The EPLI Exposures of Returning to Work

May 21, 2020
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Some businesses that closed because of the COVID-19 pandemic will never reopen. For those businesses that have survived the crisis so far, the ability to return to work is a welcome relief. However, as businesses reopen, they risk exposing their employees to the virus – and they risk exposing themselves to employment practices liability lawsuits.

Lawsuits Alleging Unsafe Work Environments

Due to the highly contagious nature of the novel coronavirus, workers face a very real risk of getting sick. In some cases, these workers may sue their employers for creating an unsafe work environment.

In fact, we have already started to see these lawsuits.

  • Walmart has been hit with a wrongful death lawsuit after an employee died from COVID-19. According to Forbes, a second employee from the same store died several days later, and the lawsuit claims that Walmart did not develop appropriate preventative measures and did not respond appropriately when an employee showed symptoms.
  • McDonald’s is being sued by five workers in Chicago and four of their family members. According to CNBC, the lawsuit alleges that the restaurant is not providing enough masks, gloves or hand sanitizer.
  • JBS S.A., a meat producer, is being sued by the family of an employee who died from COVID-19. According to the New York Times, the lawsuit says that the company caused his death by failing to protect him from the virus.

Additionally, in California, Governor Newsom has signed an executive order granting workers’ compensation presumption for COVID-19. This will make it easier for workers who become sick to file claims.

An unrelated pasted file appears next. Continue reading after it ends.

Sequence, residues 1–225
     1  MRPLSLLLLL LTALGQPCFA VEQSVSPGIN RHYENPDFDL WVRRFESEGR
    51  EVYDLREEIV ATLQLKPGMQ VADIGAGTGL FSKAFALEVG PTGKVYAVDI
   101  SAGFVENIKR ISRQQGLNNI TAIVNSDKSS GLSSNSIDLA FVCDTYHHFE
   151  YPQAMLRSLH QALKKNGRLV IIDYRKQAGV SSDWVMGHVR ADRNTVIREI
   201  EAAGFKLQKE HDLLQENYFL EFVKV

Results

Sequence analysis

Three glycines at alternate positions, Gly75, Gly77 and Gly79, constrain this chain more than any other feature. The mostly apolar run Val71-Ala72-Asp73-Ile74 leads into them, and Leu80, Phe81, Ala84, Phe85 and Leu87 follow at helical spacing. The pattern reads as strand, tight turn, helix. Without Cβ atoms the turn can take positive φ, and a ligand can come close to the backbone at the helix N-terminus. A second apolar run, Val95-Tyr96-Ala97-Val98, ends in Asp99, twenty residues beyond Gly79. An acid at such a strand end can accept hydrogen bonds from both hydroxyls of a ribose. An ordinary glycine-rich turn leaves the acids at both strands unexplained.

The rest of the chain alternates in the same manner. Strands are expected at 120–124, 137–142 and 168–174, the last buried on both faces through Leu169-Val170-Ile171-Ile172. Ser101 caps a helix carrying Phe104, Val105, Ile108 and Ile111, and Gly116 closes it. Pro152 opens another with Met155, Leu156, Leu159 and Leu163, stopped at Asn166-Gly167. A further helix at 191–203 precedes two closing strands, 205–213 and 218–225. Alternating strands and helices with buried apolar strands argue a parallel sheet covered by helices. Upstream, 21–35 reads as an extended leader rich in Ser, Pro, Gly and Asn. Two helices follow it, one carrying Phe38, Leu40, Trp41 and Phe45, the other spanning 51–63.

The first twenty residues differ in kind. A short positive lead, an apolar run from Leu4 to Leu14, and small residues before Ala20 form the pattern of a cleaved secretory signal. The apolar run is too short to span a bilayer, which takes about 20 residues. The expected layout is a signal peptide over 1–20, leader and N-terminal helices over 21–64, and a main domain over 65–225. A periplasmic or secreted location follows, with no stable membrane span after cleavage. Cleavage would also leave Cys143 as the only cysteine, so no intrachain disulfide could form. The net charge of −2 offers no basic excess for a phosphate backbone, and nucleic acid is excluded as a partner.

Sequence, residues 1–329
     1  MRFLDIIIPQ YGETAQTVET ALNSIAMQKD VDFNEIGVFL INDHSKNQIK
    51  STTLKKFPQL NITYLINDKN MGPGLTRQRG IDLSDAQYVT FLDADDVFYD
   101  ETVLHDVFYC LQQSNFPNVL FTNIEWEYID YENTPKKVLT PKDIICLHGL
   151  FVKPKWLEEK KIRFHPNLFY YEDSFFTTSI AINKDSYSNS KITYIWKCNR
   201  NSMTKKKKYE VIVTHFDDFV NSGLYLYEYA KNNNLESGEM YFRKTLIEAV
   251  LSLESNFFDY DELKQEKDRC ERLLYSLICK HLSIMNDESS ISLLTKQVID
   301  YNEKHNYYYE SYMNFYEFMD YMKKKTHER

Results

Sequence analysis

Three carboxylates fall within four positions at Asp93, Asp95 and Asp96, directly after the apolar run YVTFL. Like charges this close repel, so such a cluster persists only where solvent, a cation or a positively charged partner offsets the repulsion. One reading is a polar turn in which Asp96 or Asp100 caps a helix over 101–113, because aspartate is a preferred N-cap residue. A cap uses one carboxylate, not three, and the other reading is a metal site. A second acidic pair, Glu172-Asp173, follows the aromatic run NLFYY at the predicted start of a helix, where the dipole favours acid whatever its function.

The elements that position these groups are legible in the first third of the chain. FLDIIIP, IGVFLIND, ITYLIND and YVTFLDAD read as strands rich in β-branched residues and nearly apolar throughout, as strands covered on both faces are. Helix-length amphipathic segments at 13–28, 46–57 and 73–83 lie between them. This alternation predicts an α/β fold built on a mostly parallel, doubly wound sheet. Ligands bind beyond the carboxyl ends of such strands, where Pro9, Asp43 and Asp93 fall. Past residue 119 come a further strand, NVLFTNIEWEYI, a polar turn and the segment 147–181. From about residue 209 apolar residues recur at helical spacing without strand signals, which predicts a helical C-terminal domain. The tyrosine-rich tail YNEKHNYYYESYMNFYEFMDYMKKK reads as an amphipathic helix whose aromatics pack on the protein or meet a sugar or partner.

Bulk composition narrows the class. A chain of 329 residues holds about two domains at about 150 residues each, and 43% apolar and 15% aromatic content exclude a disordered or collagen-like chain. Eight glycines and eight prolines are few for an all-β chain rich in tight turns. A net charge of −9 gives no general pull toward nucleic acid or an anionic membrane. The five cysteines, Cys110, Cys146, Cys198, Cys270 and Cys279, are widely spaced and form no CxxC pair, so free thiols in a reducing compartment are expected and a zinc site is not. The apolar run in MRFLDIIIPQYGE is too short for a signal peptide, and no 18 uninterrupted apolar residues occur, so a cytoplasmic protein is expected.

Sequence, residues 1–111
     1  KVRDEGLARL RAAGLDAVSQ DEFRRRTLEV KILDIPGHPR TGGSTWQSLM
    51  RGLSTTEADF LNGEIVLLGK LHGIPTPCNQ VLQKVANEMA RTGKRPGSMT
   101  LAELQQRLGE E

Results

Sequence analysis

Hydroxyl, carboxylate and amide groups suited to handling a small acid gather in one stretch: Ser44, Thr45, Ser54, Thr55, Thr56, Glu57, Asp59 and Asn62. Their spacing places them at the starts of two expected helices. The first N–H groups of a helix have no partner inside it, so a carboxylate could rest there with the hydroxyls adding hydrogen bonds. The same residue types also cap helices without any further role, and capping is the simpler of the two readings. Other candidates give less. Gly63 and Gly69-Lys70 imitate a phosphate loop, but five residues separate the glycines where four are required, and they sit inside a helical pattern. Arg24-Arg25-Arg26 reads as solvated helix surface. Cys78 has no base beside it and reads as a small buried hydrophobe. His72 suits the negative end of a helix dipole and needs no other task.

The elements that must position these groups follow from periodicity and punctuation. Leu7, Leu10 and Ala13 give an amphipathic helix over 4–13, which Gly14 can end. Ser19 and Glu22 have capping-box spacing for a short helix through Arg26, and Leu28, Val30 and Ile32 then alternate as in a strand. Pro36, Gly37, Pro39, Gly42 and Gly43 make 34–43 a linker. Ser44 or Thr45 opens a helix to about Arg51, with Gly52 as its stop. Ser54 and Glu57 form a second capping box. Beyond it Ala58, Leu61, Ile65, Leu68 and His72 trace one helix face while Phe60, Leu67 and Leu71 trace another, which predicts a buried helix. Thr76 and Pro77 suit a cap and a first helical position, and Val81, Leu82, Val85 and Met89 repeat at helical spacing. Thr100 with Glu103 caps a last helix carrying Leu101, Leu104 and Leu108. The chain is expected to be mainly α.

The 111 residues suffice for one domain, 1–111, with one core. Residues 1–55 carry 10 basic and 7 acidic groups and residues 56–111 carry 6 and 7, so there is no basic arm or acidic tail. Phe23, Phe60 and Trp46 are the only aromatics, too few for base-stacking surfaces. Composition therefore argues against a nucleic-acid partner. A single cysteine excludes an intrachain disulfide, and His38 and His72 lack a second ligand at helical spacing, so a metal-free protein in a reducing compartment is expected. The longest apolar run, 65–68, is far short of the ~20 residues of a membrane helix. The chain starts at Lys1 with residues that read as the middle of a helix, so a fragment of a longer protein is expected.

Lawsuits Alleging Wrongful Termination

Some employees have been complaining about dangerous work conditions. If these employees are fired or face other disciplinary actions, they may decide to sue. It’s not just a hypothetical risk, either – some of these lawsuits have already been seen.

  • A former employee is suing Amazon for wrongful termination. According to GeekWire, the employee alleges that she was wrongfully terminated after taking time off because she had symptoms associated with COVID-19 and after raising safety concerns.
  • Trader Joe’s is being sued for wrongful termination. According to Fox News, the lawsuit alleges that a man was wrongfully terminated after expressing safety concerns in a private Facebook group for store employees.

Resources to Limit Risks

Businesses must proceed carefully. Multiple resources can help you reduce your liability exposures as you reopen.

  • The U.S. Equal Employment Opportunity Commission has a list of resources related to COVID-19. The question and answer document provides important information on ADA requirements regarding health screenings, accommodations and discrimination. 
  • The CDC has released interim guidance for businesses and employers. This resource is being updated occasionally with new recommendations and clarifications, so check back occasionally for the latest information.
  • Back to Work Safely is a website sponsored by AIHA. It contains industry-specific safety guidelines for bars, restaurants, construction, retail, offices and more.
  • Check with your city, county and state for orders and recommendations related to the pandemic.

Have questions about employment practices liability insurance? Contact Heffernan Insurance Brokers.